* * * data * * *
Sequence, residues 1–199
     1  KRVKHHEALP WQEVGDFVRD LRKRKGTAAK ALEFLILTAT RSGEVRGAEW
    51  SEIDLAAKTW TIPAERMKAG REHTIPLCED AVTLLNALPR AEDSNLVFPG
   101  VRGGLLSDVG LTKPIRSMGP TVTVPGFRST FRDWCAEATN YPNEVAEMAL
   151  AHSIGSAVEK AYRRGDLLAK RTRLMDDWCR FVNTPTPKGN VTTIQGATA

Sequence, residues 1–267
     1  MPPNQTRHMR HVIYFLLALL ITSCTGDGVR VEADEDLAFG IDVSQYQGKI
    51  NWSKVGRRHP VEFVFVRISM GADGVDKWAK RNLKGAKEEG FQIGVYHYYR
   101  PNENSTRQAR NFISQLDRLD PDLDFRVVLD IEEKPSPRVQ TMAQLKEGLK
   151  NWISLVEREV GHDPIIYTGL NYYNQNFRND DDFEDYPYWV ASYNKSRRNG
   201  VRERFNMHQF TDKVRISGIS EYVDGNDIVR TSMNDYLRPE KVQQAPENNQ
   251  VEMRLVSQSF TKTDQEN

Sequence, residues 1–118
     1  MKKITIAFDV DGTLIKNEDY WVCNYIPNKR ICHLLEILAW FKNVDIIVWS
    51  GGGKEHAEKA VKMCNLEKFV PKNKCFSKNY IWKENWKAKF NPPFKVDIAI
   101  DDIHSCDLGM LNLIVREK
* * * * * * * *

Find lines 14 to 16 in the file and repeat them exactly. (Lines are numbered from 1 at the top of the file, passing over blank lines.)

     1  MKKITIAFDV DGTLIKNEDY WVCNYIPNKR ICHLLEILAW FKNVDIIVWS
    51  GGGKEHAEKA VKMCNLEKFV PKNKCFSKNY IWKENWKAKF NPPFKVDIAI
   101  DDIHSCDLGM LNLIVREK